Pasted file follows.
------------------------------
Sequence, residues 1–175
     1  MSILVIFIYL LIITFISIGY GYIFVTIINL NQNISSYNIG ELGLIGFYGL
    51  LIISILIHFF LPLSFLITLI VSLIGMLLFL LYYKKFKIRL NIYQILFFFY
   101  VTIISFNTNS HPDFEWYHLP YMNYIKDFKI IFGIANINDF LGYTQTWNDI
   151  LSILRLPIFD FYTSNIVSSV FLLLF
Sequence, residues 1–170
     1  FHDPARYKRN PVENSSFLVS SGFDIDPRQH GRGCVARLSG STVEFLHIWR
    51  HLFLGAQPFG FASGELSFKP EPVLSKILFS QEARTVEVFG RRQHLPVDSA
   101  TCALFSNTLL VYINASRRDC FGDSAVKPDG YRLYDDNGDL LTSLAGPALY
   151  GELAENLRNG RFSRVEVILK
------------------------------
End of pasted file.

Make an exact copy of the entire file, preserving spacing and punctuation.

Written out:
Sequence, residues 1–175
     1  MSILVIFIYL LIITFISIGY GYIFVTIINL NQNISSYNIG ELGLIGFYGL
    51  LIISILIHFF LPLSFLITLI VSLIGMLLFL LYYKKFKIRL NIYQILFFFY
   101  VTIISFNTNS HPDFEWYHLP YMNYIKDFKI IFGIANINDF LGYTQTWNDI
   151  LSILRLPIFD FYTSNIVSSV FLLLF
Sequence, residues 1–170
     1  FHDPARYKRN PVENSSFLVS SGFDIDPRQH GRGCVARLSG STVEFLHIWR
    51  HLFLGAQPFG FASGELSFKP EPVLSKILFS QEARTVEVFG RRQHLPVDSA
   101  TCALFSNTLL VYINASRRDC FGDSAVKPDG YRLYDDNGDL LTSLAGPALY
   151  GELAENLRNG RFSRVEVILK